Benefit of high temperature sodium as the HTF
As well as having a higher boiling point than molten salts, sodium has a lower freezing point of 98°C, so it has an enormous 800°C “operating range” between the 98°C and the 900°C, making it possible to operate comfortably well within a larger margin of error.
This eliminates a problem with molten salts of a narrower 300°C operating range between freezing at 290°C and the operating limit at 565°C. The narrowness creates the risk of exceeding those limits; of degradation, if it gets too hot, or of freezing if it gets too cold, which make operating tower CSP challenging.
Temperature sensitivity is why tower receivers require careful monitoring and temperature regulation, and interventions to keep the molten salts from freezing, or immediately defocusing heliostats to avoid overheating.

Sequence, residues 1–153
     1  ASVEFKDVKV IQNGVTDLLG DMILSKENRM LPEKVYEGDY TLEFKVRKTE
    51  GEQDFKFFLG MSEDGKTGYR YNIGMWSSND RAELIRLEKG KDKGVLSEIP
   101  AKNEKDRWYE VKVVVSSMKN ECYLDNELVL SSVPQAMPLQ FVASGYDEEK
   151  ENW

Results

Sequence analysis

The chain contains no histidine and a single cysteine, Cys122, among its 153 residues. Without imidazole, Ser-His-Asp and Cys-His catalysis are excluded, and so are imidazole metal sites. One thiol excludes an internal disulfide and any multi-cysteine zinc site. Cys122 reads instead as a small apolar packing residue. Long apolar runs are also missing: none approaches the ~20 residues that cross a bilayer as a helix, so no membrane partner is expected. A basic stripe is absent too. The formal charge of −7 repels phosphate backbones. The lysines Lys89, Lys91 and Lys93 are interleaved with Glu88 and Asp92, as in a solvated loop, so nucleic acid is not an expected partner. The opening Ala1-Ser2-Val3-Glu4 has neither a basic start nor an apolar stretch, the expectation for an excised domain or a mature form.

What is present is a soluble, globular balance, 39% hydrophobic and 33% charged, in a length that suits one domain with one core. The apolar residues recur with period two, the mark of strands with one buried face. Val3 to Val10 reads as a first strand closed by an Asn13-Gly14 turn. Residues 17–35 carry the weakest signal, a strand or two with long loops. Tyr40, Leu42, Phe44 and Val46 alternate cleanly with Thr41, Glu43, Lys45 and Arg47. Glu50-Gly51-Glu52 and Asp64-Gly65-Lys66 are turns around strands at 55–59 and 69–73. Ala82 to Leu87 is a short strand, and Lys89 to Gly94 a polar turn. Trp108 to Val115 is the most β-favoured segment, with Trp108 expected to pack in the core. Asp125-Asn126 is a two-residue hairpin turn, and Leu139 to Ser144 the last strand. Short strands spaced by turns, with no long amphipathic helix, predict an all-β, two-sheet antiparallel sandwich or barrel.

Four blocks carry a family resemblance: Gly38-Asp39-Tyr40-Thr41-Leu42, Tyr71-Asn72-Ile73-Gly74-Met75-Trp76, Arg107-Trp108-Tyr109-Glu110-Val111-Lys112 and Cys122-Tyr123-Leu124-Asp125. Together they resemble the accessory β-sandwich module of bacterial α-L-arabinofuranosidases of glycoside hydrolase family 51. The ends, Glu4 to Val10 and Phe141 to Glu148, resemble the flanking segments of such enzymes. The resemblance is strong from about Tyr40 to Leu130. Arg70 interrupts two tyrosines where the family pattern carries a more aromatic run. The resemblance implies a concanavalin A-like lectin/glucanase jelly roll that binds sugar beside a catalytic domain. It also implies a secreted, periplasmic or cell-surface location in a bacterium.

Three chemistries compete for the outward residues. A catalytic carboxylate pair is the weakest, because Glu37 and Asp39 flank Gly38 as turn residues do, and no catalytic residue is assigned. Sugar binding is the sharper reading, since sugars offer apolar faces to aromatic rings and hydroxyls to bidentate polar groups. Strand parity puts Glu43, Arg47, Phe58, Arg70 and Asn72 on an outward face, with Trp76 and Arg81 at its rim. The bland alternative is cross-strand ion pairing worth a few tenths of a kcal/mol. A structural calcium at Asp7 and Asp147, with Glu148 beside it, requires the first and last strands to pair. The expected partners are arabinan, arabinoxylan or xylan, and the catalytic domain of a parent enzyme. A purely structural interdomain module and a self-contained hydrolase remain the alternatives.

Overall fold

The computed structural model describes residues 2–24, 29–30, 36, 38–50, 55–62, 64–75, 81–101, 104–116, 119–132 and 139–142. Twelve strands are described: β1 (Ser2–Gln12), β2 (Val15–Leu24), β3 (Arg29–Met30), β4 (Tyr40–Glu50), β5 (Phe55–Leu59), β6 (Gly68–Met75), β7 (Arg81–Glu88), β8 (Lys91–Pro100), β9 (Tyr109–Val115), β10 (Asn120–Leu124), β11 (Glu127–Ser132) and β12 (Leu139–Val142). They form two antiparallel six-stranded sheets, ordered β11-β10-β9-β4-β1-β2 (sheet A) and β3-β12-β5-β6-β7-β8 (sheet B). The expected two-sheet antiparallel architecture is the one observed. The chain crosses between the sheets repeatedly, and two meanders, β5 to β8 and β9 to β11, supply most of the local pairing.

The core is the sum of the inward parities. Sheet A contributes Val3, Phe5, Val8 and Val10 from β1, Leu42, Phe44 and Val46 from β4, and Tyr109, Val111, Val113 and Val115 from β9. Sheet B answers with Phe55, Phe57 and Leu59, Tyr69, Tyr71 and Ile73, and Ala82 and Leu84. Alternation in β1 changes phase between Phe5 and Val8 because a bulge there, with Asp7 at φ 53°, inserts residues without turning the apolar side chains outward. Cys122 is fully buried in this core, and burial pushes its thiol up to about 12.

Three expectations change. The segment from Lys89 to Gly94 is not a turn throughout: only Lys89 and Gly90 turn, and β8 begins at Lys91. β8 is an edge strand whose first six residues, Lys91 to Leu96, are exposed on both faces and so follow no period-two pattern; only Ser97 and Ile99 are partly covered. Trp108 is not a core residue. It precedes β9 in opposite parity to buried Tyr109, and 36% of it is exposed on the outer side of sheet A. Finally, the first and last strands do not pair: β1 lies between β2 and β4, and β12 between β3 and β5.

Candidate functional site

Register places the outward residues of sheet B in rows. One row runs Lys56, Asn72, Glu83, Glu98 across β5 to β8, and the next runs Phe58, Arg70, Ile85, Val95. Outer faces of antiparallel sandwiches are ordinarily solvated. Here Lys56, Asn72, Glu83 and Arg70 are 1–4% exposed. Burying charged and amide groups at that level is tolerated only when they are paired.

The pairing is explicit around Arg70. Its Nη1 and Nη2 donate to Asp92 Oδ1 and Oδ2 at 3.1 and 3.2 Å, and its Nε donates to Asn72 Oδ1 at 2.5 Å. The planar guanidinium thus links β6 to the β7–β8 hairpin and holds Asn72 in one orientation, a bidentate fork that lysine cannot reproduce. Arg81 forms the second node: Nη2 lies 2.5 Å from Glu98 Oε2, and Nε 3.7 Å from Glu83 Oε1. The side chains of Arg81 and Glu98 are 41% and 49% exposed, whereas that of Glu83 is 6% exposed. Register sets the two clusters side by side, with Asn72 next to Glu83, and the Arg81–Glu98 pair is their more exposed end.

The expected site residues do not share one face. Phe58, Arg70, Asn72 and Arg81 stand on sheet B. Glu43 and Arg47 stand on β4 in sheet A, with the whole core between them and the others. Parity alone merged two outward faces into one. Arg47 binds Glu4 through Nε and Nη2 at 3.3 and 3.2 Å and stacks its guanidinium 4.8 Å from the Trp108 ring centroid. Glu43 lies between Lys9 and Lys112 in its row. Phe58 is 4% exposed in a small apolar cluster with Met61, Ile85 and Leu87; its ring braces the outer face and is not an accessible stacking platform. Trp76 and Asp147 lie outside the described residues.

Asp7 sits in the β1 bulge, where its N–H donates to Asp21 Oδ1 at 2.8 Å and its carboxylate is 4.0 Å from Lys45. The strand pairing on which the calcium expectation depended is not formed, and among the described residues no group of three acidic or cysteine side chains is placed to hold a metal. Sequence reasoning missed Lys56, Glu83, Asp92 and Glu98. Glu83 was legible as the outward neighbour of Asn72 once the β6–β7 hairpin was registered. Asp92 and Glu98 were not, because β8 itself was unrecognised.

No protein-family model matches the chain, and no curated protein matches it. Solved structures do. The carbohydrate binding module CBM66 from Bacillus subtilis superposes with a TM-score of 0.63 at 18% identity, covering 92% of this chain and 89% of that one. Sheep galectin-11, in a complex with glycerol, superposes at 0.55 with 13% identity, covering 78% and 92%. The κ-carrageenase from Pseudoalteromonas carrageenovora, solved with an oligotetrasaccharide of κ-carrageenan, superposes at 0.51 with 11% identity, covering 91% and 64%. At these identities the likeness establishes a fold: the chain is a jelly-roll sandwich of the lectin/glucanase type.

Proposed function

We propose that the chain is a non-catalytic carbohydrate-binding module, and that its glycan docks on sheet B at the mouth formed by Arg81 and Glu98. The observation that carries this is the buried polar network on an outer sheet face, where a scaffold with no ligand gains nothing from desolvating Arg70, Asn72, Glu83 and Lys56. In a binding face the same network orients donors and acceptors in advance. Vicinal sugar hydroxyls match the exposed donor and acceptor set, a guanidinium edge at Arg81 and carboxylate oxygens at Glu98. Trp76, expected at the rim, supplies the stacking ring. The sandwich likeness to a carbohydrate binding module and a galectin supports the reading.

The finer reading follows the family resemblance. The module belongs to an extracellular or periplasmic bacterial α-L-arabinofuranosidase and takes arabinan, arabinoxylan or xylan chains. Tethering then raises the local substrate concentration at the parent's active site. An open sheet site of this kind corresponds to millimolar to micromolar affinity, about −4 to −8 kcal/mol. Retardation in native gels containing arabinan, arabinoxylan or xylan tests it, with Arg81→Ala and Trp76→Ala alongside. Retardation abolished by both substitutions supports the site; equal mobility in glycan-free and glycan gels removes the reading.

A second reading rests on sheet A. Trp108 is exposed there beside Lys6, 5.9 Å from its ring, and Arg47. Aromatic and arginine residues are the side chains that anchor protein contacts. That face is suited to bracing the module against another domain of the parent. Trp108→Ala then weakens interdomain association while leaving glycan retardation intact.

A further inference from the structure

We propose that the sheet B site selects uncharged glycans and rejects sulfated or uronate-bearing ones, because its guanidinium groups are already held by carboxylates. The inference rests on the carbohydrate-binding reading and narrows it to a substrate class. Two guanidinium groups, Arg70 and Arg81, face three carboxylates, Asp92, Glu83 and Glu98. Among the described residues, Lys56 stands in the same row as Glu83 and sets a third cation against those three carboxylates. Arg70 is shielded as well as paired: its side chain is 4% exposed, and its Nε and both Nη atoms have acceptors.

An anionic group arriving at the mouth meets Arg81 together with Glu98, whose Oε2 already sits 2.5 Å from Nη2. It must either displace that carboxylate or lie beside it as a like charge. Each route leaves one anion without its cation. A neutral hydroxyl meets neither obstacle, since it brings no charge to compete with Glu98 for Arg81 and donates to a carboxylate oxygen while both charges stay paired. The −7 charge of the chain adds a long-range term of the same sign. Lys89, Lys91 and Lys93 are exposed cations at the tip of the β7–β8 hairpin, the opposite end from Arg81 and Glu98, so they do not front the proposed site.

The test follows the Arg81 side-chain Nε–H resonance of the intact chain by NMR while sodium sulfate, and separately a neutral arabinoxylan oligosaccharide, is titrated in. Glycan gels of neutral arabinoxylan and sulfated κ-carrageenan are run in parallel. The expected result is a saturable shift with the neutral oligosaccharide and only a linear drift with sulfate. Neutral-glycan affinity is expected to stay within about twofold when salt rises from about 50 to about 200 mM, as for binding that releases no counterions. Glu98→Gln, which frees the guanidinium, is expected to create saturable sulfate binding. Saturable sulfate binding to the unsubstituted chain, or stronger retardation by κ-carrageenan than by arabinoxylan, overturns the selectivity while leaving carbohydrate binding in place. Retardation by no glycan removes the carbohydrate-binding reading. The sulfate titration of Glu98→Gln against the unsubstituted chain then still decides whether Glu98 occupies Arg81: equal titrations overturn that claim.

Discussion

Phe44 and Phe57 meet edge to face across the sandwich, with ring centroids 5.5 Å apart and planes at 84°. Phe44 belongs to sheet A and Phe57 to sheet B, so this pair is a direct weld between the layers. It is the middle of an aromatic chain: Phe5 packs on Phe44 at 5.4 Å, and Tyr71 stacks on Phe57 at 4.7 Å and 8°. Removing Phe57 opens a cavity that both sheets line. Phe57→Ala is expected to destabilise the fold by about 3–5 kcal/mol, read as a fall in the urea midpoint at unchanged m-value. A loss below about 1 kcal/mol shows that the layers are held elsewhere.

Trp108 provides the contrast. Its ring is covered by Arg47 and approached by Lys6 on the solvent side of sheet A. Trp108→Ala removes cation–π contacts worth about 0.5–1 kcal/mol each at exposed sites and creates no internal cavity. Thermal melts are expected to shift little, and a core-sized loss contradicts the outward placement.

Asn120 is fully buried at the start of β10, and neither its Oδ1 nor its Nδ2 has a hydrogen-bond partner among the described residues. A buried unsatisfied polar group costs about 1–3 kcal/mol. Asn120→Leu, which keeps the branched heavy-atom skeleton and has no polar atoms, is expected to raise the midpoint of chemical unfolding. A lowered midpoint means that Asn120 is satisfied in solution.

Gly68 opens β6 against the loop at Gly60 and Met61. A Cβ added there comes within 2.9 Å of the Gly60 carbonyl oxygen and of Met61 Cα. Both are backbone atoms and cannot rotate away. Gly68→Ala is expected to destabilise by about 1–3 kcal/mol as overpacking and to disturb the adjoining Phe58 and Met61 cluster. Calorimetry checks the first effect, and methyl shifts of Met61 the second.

Drewes said: “To quote one of the great minds of CSP, Bruce Kelly: ‘The problem in tower CSP is not running the plant, it is starting and stopping it.’ This is because, in tower CSP, there are very large surfaces that cool off. Heat loss makes it is very easy to freeze. Added to this, the plumbing configuration in tower also makes the control response very slow.”
Even if a sodium-based HTF does get cold enough that it does freeze, it only needs to ramp up to 98°C, compared to back to 290°C for molten salts.“We’ve had freezes. There’s always a chance that something goes wrong,” Drewes conceded. “But we’ve always been able to come back from them because it’s not hard to get to 98°C and the conductivity of the material is off the charts. Because of this “resilience”, a sodium HTF means you can just keep running it through the piping, recirculating it continuously like in a parabolic trough plant.”